**Quantitative thoughts » EN**, and kindly contributed to R-bloggers)

Viktor Uspaskich is euro-parliamentarian delegated by Lithuania. His was born in Russia, Arkhangelsk Oblast and later on he moved to Lithuania where he made his fortune and first millions.

Recently, I saw an interview with him and I found interesting to test his claim, that gold and oil are negatively correlated. Meaning that, when the price of gold is appreciating, the price of oil has to depreciate and opposite.

First of all lets check simple correlation between daily price of gold and oil, from 2003 to 2010.

Surprise, surprise – here’s correlation, but it is positive (opposite, that millionaire adviser was claiming) . It is not strong, only 0.3 or 30% and r-square 0.0919. But lets move on – maybe he didn’t reveal all facts.

I used all my data points in the first graph to get correlation. The other way of looking at data is roll the window of 252 data points and calculate moving correlation. Here we go:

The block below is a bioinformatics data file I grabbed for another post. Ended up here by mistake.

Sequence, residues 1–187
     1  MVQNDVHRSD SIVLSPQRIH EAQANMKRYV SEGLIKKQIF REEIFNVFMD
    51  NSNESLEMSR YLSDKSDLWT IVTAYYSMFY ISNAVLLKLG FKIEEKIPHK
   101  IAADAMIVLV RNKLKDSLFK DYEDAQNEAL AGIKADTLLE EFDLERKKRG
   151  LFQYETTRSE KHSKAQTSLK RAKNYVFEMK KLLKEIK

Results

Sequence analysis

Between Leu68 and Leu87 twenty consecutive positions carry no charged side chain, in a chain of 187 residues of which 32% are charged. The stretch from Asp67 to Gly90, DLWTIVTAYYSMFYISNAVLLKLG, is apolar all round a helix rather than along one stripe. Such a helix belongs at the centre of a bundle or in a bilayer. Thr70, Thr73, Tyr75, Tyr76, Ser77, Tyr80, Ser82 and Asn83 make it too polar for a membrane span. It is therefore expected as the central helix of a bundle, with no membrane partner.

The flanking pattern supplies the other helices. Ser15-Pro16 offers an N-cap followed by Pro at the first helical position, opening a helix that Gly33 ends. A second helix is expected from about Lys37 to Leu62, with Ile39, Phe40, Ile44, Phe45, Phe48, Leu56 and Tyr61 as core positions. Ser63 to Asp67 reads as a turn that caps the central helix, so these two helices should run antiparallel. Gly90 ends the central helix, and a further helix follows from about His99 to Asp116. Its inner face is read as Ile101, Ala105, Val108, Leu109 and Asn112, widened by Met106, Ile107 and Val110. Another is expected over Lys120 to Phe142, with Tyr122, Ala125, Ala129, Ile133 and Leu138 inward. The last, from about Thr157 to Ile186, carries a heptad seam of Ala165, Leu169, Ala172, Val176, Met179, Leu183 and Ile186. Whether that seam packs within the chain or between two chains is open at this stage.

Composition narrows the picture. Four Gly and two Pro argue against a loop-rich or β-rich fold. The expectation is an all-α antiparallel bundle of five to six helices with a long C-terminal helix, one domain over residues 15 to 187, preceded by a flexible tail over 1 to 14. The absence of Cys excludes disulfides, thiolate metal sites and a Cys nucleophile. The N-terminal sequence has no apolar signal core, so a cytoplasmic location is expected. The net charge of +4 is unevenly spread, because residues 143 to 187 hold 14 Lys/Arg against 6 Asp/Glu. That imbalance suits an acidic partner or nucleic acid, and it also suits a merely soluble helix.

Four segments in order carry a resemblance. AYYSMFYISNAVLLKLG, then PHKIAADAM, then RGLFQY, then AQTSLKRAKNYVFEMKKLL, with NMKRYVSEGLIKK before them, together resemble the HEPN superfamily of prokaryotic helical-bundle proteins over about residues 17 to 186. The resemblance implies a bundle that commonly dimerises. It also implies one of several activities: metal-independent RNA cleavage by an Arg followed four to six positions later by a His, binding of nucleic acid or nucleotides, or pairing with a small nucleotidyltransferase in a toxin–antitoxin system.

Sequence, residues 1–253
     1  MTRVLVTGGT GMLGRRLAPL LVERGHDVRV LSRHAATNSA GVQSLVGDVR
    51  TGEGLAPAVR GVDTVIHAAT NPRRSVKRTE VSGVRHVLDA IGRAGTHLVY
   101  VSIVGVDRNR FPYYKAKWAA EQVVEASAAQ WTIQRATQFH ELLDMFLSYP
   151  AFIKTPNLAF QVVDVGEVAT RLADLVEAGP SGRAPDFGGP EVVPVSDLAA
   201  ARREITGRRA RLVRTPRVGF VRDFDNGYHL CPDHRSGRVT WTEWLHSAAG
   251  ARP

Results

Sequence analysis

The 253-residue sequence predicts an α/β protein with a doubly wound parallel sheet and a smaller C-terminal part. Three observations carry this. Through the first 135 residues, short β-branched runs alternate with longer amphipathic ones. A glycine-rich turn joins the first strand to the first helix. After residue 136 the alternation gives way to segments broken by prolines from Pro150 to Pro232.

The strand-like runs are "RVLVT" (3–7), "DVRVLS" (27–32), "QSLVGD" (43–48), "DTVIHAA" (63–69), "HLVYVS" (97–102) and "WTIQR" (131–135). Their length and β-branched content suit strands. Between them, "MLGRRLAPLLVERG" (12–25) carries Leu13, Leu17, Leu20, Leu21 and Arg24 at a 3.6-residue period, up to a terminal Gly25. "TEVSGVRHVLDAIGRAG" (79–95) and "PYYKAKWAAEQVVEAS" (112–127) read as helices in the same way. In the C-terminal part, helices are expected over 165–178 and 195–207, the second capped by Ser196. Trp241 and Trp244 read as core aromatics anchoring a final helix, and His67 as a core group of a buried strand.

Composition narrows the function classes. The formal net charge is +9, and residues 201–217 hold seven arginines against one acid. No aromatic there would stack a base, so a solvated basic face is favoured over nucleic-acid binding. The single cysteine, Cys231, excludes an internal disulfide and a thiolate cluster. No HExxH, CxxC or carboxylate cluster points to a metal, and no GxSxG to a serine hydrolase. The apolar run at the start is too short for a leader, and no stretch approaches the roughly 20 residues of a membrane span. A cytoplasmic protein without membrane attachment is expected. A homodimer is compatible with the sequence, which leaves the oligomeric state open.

It is clear, that during 4 years correlation between gold and oil was positive and in some case was more than 50%. No luck.

Let’s try something different – lagged correlation. That is – one day the price of the gold goes up/down and x days later the price of oil will go down/up. Here we have:

The graph shows correlation between two assets with lagged 30 days and moved front 30 days. The highest value 30% is on day 0 (the same day), the rest is below 10%, with means here’s no hidden correlation between lagged data.

Summary: negative correlation between gold and oil doesn’t exist. So, welder’s who became millionaire advice is not worth a penny.

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**Quantitative thoughts » EN**.

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